1. pseudomodo says:

    This is an interesting concept…

    Is the Church attaching the virtue of silence to parts of the liturgy only or is is extended to the parish environs itself? Do I bring silence into the church as my own discipline or is silence expected of me when I am there by virtue of the real presence?

    The reality is that in many parishes, silence is a characteristic of the liturgy alone and NOT an aspect of the house of the Lord. This is proven by the fact that the three ring circus that is experienced after mass would not be tolerated before mass.

    So…. what should happen in a church where the liturgy is not being celebrated at the moment? I would expect that the mind of the Church desires respectfull silence as the rule at all times and that the sound of celebration is the exception!

    I believe this is the expectation of the Holy See.

  2. Tradster says:

    I recently had to stop going to the local NO parish where I had previously been going for confession because they abhor silence. About 30 minutes before the confessions begin (which, in turn, begin 30 minutes before Saturday vigil Mass) one of the women fires up the faux-Gregorian Chant CD. Not as inspirational music but as background noise. I twice complained to the pastor that it interferes with making a good examination of conscience before, and focusing on the penance prayers and reflections after, but without success. So I had to find another parish for confessions.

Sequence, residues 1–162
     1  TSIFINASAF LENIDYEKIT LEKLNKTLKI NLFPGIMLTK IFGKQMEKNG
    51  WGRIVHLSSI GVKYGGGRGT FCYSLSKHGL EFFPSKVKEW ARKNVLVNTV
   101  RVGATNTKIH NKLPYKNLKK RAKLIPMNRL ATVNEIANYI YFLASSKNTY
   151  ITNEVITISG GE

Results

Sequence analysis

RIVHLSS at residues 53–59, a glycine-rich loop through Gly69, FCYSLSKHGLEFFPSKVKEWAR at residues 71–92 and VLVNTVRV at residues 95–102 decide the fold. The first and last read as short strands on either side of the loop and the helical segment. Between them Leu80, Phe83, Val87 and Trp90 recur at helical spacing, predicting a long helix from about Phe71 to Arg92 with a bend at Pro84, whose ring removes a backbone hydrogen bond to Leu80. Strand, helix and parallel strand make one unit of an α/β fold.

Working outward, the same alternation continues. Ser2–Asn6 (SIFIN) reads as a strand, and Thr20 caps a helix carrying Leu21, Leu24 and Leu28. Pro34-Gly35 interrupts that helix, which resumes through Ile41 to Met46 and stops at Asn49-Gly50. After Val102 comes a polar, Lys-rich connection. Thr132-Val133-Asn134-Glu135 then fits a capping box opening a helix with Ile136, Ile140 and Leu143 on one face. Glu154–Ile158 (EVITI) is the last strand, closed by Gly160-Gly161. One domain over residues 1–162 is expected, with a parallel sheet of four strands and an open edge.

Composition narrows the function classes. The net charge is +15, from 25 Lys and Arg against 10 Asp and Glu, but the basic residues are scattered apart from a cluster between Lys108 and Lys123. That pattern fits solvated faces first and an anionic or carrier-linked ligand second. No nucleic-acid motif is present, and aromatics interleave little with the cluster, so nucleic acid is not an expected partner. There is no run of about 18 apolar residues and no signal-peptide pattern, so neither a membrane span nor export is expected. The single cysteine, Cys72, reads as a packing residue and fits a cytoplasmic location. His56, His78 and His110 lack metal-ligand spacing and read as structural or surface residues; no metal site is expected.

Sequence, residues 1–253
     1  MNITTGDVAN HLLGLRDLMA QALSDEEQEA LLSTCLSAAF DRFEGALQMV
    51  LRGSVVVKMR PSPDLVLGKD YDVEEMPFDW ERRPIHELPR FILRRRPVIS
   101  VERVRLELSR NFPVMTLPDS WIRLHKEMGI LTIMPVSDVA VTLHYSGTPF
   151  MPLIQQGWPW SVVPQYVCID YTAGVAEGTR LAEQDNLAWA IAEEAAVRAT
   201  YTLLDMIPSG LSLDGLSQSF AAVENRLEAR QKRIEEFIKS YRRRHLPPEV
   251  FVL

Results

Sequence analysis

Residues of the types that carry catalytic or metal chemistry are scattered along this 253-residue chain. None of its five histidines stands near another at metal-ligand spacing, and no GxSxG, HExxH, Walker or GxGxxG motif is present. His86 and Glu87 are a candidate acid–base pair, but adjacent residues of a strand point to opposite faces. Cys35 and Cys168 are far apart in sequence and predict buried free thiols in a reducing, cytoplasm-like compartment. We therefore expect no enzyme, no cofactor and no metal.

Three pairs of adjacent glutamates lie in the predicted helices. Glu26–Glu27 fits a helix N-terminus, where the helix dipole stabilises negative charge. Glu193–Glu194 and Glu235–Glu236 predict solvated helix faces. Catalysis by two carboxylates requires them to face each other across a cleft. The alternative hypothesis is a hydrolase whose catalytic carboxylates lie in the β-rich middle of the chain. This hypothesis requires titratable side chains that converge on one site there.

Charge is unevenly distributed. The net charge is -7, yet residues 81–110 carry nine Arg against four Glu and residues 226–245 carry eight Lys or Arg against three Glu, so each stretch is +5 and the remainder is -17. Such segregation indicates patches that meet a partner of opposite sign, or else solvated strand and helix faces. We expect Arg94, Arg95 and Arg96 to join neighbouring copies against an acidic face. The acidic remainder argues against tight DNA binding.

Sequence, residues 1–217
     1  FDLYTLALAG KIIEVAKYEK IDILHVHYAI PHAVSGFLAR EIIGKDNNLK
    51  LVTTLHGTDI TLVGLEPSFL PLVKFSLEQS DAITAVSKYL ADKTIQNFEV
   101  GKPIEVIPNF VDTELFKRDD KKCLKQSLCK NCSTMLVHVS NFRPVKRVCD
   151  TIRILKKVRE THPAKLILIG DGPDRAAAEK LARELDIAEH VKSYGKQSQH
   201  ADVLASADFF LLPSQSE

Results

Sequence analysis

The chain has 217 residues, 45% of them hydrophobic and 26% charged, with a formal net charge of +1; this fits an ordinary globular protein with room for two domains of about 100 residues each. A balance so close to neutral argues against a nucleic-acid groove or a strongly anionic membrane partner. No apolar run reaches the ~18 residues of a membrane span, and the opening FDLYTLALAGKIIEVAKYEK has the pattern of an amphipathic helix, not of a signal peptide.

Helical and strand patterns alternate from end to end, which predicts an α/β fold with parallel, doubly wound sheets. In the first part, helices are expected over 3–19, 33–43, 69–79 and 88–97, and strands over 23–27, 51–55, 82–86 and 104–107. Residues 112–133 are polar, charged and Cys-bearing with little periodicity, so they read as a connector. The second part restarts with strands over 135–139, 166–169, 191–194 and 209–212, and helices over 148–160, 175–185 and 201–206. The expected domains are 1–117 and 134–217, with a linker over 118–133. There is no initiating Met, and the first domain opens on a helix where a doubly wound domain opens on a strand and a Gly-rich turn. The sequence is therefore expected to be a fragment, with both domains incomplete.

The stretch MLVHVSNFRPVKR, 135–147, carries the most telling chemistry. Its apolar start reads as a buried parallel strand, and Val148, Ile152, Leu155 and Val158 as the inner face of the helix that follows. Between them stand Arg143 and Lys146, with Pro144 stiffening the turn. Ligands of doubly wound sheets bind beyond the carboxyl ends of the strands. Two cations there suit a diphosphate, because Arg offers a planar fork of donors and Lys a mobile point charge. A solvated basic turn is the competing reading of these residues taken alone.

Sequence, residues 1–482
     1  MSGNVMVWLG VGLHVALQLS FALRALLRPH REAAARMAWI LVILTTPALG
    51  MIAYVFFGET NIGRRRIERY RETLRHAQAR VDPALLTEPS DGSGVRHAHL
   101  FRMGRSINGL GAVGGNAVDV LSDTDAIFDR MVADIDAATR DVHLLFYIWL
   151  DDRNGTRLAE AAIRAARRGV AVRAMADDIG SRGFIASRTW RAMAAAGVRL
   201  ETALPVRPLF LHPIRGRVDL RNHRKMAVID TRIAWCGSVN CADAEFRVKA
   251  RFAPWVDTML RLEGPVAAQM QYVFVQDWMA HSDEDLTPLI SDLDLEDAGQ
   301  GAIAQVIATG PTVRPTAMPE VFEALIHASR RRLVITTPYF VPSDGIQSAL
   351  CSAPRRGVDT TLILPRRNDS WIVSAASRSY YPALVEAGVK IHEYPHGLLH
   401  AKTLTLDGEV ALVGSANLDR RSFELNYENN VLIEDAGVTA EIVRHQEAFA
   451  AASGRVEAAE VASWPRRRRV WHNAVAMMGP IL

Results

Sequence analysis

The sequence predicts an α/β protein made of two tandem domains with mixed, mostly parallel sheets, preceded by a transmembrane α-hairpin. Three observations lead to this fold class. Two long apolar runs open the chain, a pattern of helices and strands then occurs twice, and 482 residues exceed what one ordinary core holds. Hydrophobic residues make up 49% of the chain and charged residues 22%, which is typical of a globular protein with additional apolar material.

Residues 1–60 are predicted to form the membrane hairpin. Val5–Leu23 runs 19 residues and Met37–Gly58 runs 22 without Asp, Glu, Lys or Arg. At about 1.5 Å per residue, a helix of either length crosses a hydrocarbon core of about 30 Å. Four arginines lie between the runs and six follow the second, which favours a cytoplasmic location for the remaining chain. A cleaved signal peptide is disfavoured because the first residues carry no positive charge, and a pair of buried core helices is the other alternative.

3. Augustin57 says:

    I have been long desiring a push towards a peaceful silence in church, especially before, during, and after Mass. We are in the substantive presence of Jesus Christ. We should be reverent, not acting like it’s old home week or like we’re at a picnic!

    The irreverence that has crept into Mass at most parishes is shameful. It’s no wonder most don’t really believe in the Real Presence.

  4. The July 28 ussue of The Wanderer included a report on a recent Louisville forum on the sacred liturgy’s role in renewal of the Church. The principal celebrant of the forum Mass was Archbishop Joseph Kurtz, the current vice president (and likely future president) of the USCCB. The article quoted the following remarks of Ab. Kurtz pertinent to this post:

    The archbishop predicted that over the next decade, Catholics will more and more experience silence in the Mass, noting that the demand for silence is coming from the people. . . . .

    He also urged the laity to join in and support Pope Benedict’s call for a “reform of the reform,” and said the fruit of the liturgical renewal can be judged by what people say after the conclusion of Mass. “When people leave Mass,” he said, “they should not say, ‘I like that priest,’ but ‘I have seen the Lord’.”